I rarely read one book at a time. In the last few months I’ve been slowly working my way through Resmaa Menakem’s My Grandmother’s Hands. Menakem cautions readers to proceed slowly—it’s more of a workbook than a book—so I feel like my pace is justified. But I did stop entirely for a while. I had watched an online celebration of Octavia Butler with N.K. Jemisin, Imani Perry, and Walter Moseley, who told me (and a few thousand other people) in no uncertain terms that I had to read Butler’s Kindred, so I paused Menakem for a week, and now the two books are inextricably linked in my mind.
The title of Menakem’s book comes from a short anecdote: as a child, he asked his grandmother why her hands were so much more tough and calloused than his. She told him she had begun picking cotton at the age of four, and the plants had torn and bloodied her soft hands until they’d toughened up from the work. He would rub them, and she would hum like a cat purring. The book is about bodies, specifically how privilege and white supremacy are embodied, and how we need to turn our attention from the idea of racism to its manifestations in the body in order to heal. The book is full of exercises for healing, including humming. That he draws heavily on the coping strategies of his Black elders is an appealing (and crucial) feature.
As I read Kindred, I was struck by how the book played out on bodies. Dana, the protagonist, travels in time, but saying it that way doesn’t get across the violence of the travel, which is a wrenching dislocation against her will accompanied by dizziness and nausea. In the slavery-era world to which she travels, she comes to realize that what’s summoning her over and over is a body under threat. (Who that body belongs to will likely surprise you.) As you might imagine, Black bodies are threatened and hurt by white bodies without qualms, and–mirroring Dana’s travel–sent without warning and against their will to other yet more hellish locales.
Much of Menakem’s book centers on the generations of trauma created by racism: “In America, nearly all of us, regardless of our background or skin color, carry trauma in our bodies around the myth of race” (14). We all travel back in time to some extent, with the past catching up to us through our bodies. Dana’s husband in Kindred, a white writer on the cusp of success, falls into the past with her, and gets stuck there for several years. When he returns, his hair has greyed and he has a massive scar on his face inflicted by a crowd attempting to kill him for his abolition work.
Enough of my friends had recommended Ijeoma Oluo’s So You Want to Talk About Race that after Kindred I could no longer put off reading it. Now I’m moving back and forth between it and My Grandmother’s Hands. And yes, I do want to talk about race, and I want to do it “right,” which early in the book she warns us that we won’t be able to do. We will inevitably stumble. But she hopes the book will at least reduce the more common mistakes.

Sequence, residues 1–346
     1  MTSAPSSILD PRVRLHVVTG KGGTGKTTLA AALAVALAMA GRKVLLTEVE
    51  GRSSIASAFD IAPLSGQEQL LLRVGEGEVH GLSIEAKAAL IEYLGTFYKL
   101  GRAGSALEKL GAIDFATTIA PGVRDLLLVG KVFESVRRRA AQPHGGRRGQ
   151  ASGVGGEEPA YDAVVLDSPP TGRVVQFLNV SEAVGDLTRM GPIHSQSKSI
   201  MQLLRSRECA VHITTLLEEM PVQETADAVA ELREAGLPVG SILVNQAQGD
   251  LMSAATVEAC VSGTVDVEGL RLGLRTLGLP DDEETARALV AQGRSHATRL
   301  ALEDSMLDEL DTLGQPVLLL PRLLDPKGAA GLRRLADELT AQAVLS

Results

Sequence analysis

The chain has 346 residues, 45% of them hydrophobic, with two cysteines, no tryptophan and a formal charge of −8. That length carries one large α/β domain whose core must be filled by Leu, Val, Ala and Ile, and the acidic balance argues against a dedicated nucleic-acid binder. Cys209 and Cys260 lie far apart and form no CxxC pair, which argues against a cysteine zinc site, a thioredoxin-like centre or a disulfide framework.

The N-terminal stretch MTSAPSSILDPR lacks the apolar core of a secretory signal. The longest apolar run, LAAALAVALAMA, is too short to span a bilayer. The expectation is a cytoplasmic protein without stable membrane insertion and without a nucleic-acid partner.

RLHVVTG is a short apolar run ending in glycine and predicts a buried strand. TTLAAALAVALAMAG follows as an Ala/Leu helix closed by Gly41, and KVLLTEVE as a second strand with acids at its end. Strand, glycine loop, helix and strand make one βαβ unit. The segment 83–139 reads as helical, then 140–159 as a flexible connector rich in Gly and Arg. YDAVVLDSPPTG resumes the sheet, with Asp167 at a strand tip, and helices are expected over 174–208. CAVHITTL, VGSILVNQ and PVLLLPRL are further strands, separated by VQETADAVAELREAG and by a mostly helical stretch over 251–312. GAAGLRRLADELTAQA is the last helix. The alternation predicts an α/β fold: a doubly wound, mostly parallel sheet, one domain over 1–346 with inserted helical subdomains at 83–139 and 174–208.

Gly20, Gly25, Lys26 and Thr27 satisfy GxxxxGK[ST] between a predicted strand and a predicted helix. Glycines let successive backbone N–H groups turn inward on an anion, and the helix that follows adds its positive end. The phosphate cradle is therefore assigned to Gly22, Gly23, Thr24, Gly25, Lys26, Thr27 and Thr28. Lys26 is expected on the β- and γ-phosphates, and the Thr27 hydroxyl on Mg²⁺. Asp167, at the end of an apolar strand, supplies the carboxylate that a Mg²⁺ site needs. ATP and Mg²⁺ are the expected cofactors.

Menakem’s and Oluo’s book share an impatience with old approaches to anti-racism, and call for changes in approach. Menakem’s solution is to turn from the mind to the body. Oluo focuses less on the individual’s experience than on the institutions that inflict damage: “Getting my neighbor to love people of color might make it easier to hang around him, but it won’t do anything to combat police brutality, racial income inequality, food deserts, or the prison industrial complex” (chapter 2).
She takes on a lot of provocative topics, but her purpose is not to provoke: it’s to demystify. Police brutality, affirmative action, cultural appropriation and the “N” word all become, in her pragmatic prose, matter-of-fact and clearly defined processes. For instance, privilege is simply, “an advantage or a set of advantages that you have that others do not” (chapter 4).
That definition made me reflect on Kindred as a kind of time-travel privilege check. Whenever Dana is transported to the plantation, she’s stripped of privileges by the brutal dictates of chattel slavery. Obviously, there’s more to the novel, but many of the novel’s conflicts revolve around advantages that some have and others lack. But these aren’t abstract concepts: the novel dramatizes white body supremacy all too viscerally, literally bringing the past’s body trauma to the present.
Both Oluo’s and Menakem’s books are worth more than just a read, because they’re both about taking action: Menakem’s book undertakes healing practices for your body to prepare you for taking part in difficult conversations, and Oluo’s mentally prepares you for those conversations. Both books, in other words, reward you in ways that many books don’t: they actually make room for change and action. But change is hard work and will take some time, so plan on some interruptions with other books related in theme. If you haven’t yet read Octavia Butler’s novels, many of which explore the moral dimensions of power, sexuality, and race, Kindred is a gripping introduction.
Works mentioned in this review:
Butler, Octavia. (2003). Kindred. Boston: Beacon Press.
Menakem, Resmaa. (2017). My Grandmother’s Hands: Racialized Trauma and the Pathway to Mending Our Hearts and Bodies. Las Vegas, NV: Central Recovery Press.
Oluo, Ijeoma. (2019). So You Want to Talk About Race (Ebook). New York, NY: Seal Press
For primary sources touching on the history of colonialism, explore the recently added Europe & Africa, Colonialism & Culture area of Gale’s Nineteenth Century Collections Online.
In light of the dramatic increase in anti-Asian hate crimes and recent mass murder in Atlanta, please read the Statement by the Aquino Scholarship Committee and Asian American Studies Program. For quick access to the book titles listed in that statement, visit our virtual book display.